thermometer, sickWhen you feel sick, you just want relief. Or maybe a time machine to skip ahead a few days till you feel better.

Until we get a magic cure for the common cold--or until we can hit fast forward on our illnesses--we need being sick to be more bearable.

There are ways, thank goodness.

Here are excellent tips I found on the Mercola website about how to treat colds and sore throats.

First, some facts about how you get colds and how they affect us:

  • You get them mainly from hand-to-hand contact. Wash your hands often to avoid getting sick, and when you're sick, wash them to avoid getting others sick. You're more likely to get a cold if you are overtired or physically exhausted, see my story last week, Fight a Cold with More Sleep.
  • Adults get about 6 colds per year before age 30 and 2 after age 30. Kids, however, get 10-12 colds annually.
  • Most colds last between eight and nine days, ugh. But 25 percent of them last two weeks.
  • The common cold is the most common infectious disease in the U.S., causing more absenses from school and work than any other illness.

Now for the good part, here are tips on what to do to feel better:

  • As long as your temperature is below 102 F, you don't need to lower it. A slightly higher temperature may help keep the cold virus from reproducing--and it might make you fight off the cold and feel better faster.
  • Aspirin and acetaminophen should only be taken if you have muscle aches or weaknesses.
  • Chicken soup does help the immune system. It contains a natural amino acid called cysteine that thins the mucus in the lungs, making it easier to get it all out. Homemade is slightly better than canned, and try to make it hot and spicy with plenty of pepper.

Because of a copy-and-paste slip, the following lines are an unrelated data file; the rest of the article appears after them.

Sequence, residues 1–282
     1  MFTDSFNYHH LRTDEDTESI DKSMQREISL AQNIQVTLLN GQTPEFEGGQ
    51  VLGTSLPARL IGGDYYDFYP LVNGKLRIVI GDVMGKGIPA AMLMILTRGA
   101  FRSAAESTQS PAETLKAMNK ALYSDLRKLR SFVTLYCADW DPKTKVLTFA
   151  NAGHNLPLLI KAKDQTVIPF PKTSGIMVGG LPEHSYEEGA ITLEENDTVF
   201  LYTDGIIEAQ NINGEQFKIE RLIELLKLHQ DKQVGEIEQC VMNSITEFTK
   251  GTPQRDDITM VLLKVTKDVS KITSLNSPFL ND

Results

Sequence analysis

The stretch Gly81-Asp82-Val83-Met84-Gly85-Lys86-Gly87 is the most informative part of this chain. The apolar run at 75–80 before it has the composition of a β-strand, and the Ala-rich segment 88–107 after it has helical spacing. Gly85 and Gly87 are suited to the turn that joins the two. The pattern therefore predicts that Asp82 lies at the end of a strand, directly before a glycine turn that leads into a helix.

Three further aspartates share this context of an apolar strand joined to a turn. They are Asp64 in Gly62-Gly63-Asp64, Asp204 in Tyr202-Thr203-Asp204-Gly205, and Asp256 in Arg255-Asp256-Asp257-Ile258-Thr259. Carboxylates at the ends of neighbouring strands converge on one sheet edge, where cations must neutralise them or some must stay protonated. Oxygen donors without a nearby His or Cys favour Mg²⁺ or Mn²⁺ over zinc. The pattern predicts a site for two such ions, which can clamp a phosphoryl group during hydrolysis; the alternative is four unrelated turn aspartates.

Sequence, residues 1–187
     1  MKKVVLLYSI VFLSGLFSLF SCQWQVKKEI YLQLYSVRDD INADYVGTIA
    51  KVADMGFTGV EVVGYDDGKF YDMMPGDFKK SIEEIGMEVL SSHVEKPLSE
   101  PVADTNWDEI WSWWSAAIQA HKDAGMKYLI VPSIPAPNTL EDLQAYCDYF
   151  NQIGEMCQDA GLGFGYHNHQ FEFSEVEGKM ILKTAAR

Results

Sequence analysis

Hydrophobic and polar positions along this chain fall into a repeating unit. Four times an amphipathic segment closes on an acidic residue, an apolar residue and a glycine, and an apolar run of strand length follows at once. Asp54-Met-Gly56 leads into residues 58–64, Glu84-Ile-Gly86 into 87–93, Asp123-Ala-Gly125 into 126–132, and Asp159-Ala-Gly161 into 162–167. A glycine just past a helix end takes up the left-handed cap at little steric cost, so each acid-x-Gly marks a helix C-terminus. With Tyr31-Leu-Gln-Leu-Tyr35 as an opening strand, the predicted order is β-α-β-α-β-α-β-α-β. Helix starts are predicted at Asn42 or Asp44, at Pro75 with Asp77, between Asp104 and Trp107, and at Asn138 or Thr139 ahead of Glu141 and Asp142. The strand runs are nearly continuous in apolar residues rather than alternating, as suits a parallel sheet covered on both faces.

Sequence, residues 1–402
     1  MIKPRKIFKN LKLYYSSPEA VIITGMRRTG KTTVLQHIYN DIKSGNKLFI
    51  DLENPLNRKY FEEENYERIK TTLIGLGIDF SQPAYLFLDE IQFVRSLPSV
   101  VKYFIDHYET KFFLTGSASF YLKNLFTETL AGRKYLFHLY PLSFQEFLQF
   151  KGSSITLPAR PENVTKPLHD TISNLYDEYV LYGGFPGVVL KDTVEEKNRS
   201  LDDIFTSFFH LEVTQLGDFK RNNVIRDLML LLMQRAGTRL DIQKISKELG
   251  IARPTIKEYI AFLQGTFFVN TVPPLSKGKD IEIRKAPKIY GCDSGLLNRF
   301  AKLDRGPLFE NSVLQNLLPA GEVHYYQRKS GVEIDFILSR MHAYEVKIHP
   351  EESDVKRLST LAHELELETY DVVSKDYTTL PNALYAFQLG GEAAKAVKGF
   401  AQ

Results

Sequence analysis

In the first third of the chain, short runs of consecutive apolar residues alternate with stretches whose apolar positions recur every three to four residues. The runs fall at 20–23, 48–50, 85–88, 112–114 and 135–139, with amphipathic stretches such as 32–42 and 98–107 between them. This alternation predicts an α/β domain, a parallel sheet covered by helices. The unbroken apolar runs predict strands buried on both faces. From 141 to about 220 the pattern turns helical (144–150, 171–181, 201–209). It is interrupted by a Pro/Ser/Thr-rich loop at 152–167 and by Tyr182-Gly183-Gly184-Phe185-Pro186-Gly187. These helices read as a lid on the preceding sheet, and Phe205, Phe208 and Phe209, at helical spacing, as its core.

• Rest, take it easy, allow yourself to recuperate and recover completely. (That's easier said than done, but important!) If you exercise regularly, keep doing it, but at a lighter intensity.
  • Wash your hands frequently and keep them away from your nose and eyes.
  • Drink plenty of fluids, at least 8 to 10 glasses a day to help loosen the stuffiness. Put lemon juice in your water or try green tea instead of water. Try to avoid juices that contain fructose--the extra sugar will actually make you feel worse. Or cut the juices with water.
  • If you are way too congested, try an over-the-counter remedy that contains pseudoephedrine. But take it well before bed to make sure that it doesn't keep you awake at night. To sleep better at night use an over-the-counter nose spray. Or if you really feel badly, take an antihistamine at night like Benadryl.
  • Stop drinking milk for a few days. Dairy increases mucus production.
  • Take 500 to 2,000 mg of vitamin C every 2 hours.
  • Call your doctor if your fever is more than 102 F, ear pain develops, you have pain around yoru eyes, you cough up green or yellow sputum.

Often, when I get sick, I find myself surfing CafeMom to find women who are going through the same thing. I always appreciate the advice I get from the private group, The Informed Parent.

Group owner neonds13's has lots of advice, much the same as listed above. But here's another tip she adds, "I firmly believe in not cleaning until you are well again. Why continually clean and re-infect everything you touch when you are sick only to clean it again once you're well?" Rest until you feel better. Now that's some good advice.

Do you have any tips for feeling better when you're sick?